Thursday, September 27, 2018

Baptism and the Survival of Fish

As I ate my cinnamon biscuit at a fast food restaurant near Nashville, Tennessee recently, I listened to a group of men reminisce. One spoke of growing up in a small Texas town, where new converts for the Church of Christ he attended were baptized in a nearby pond. After hearing that a man with less than stellar reputation would be baptized, he said, a man in the small town had protested that the church must not baptize the convert in the pond. He insisted that all the fish would die if the other man’s body entered the water. Sin corrupts our influence in the world, but rarely does it affect the environment. Although prospective visitors to church services have confessed fears of the church building ceiling cracking when they entered, I have yet to see such happen. I have seen a person’s appearance deteriorate markedly in a five-year period when he abused drugs and engaged in other criminal behavior. Choosing unethical or immoral behavior has destroyed relationships and ended employment. The greatest impact of sin, however, is on the sinner’s soul. “Wickedness burns like a fire,” the prophet Isaiah wrote, “it consumes briers and thorns; it kindles the thickets of the forest, and they roll upward in a column of smoke” (Isaiah 9:18 ESV). The symbolic language of the prophet describes how rebellion against God consumes and destroys. Sin will rarely destroy literal fish (The exception would be if someone intentionally poisoned a lake.); it does destroy dreams and relationships. If we turn from sin and confess our faith through baptism, God cleanses us and equips us for work he has prepared for us to do (Acts 22:16; Ephesians 2:10). No fish die; no roofs collapse. Scars remain, but as we continue to obey God, they too begin to heal. Turn to the Lord today.

Wednesday, September 12, 2018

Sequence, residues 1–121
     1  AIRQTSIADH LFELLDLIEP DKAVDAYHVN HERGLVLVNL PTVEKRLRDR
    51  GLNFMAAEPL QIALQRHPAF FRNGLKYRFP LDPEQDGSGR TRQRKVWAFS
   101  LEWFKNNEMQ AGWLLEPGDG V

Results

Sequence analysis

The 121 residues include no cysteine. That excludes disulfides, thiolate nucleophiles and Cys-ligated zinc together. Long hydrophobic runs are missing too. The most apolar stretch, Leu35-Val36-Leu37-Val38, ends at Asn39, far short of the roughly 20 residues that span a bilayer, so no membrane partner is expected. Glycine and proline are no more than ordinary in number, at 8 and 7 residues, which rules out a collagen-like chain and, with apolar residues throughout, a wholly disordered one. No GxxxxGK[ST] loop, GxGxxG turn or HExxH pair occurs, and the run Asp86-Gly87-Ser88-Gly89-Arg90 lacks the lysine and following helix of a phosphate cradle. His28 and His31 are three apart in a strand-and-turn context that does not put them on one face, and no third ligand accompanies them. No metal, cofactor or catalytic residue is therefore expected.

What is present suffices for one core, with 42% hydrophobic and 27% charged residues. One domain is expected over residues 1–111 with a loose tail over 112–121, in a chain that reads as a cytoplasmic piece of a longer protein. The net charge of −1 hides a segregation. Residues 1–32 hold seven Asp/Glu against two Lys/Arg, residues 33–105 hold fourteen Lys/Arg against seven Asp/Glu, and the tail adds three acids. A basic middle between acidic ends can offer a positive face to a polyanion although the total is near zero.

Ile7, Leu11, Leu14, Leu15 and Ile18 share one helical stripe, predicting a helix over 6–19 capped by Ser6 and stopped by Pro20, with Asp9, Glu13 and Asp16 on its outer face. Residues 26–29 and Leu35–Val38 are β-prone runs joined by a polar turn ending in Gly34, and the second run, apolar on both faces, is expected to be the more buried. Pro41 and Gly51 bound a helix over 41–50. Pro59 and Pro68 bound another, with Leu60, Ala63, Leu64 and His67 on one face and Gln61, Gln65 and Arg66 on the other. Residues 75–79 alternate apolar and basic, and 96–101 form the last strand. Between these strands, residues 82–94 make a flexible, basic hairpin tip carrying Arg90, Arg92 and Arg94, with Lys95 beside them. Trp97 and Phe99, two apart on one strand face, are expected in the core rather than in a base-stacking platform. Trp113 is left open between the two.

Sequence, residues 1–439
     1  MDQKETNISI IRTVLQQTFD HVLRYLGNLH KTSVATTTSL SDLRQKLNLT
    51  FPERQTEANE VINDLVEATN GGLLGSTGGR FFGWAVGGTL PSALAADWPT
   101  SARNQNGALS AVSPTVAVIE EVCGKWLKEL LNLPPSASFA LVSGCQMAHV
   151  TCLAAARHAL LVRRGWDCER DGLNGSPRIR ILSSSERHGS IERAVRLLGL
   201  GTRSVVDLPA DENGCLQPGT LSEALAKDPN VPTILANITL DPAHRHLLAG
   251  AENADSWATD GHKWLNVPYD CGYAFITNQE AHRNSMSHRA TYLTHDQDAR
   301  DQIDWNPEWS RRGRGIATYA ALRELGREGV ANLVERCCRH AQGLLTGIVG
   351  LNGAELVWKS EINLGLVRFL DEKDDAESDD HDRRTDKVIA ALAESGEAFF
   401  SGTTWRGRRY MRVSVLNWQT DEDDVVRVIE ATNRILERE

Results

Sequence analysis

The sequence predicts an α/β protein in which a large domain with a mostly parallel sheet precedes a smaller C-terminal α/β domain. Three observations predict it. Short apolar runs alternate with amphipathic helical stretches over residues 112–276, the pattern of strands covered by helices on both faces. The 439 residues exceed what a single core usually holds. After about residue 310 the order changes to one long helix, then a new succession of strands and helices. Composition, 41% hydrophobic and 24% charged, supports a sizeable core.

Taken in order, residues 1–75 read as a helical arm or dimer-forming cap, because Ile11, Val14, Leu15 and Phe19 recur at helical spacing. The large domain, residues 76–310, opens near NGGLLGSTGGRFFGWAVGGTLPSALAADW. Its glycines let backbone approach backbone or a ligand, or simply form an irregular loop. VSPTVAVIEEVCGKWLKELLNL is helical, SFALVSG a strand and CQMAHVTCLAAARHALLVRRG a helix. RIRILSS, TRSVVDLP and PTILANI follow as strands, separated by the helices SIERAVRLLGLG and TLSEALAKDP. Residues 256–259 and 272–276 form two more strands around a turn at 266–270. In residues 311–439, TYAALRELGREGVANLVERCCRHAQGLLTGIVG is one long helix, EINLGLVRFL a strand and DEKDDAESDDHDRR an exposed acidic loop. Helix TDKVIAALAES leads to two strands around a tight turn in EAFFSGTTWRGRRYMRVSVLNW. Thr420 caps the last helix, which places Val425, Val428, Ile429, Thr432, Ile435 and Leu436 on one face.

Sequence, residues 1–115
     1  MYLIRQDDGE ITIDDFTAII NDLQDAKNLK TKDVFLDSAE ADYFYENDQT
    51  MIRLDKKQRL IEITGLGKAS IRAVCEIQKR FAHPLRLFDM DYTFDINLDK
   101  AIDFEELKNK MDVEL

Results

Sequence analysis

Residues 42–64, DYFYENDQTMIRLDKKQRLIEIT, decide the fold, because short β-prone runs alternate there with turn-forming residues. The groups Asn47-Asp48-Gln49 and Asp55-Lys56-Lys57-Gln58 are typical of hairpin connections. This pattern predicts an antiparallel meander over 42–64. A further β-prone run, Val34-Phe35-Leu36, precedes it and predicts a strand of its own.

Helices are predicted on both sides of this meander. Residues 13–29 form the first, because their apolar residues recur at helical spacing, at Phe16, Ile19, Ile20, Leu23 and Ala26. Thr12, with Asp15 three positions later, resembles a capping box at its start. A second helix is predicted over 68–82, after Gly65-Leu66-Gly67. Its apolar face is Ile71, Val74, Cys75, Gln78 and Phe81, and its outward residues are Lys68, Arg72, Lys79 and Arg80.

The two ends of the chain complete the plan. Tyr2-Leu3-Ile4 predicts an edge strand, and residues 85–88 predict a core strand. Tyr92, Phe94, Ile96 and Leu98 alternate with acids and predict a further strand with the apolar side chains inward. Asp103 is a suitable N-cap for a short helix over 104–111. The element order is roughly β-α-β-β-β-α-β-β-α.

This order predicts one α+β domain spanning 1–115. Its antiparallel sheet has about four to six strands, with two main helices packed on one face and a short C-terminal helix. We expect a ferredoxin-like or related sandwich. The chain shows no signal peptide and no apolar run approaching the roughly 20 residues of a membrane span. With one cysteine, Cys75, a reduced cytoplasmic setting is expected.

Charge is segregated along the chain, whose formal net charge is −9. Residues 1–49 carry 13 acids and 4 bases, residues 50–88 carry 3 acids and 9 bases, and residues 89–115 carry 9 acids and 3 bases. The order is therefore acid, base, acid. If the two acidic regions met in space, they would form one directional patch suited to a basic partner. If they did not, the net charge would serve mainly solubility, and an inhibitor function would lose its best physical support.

Reacting to Tragic News

News stories evoke visceral reactions. Sometimes the headlines intend to provoke attention to or against an agenda and steer us toward a desired reaction. If we read deeply into the article, our reaction may change or become more intense. A police officer shot and killed a black immigrant in Dallas last Thursday night. Your reaction as you read those words would probably differ from what you would have felt if you had read that an accountant who was a great song leader at his church and a graduate of a private Christian university had been killed in his apartment by an intruder. Yet both sentences describe the same event that occurred this past week in Dallas, Texas. Here is a link to an article about that event.As we read or watch news media, as we interact on social media, as we talk with friends, we will react to what we see or hear. Our challenge is to read or listen carefully, and to seek to learn what actually is the case before we react too strongly. As the case described above unfolds, we will learn more about what transpired and why it happened. In the meantime, a Christian family in the Caribbean island of St. Lucia and the Churches of Christ throughout the Caribbean who knew the young man who was killed as one of their own and a song leader at regional lectureships, will cope with their grief. I know how it feels to lose a loved one to death without warning. I don’t know what exactly they feel, but I know how I felt when my son died from an aneurysm three years ago. We need to pray for them as they grieve, for the officer who killed him and for her family (she and they will have to come to terms with what she did, however the investigation ends), and for friends of Botham Jean, our brother in Christ, as they respond to their new reality. We need to pray for ourselves, that we may overcome prejudices and fear as we learn to love one another. Let us seek peace and pursue it. Let us love truth, however harshly it may grate against what we desire. Let us be gentle with one another. Pray hard, my friends. (A previous version of this blog appeared in the bulletin of Leavenworth (KS) Church of Christ on September 9, 2018).s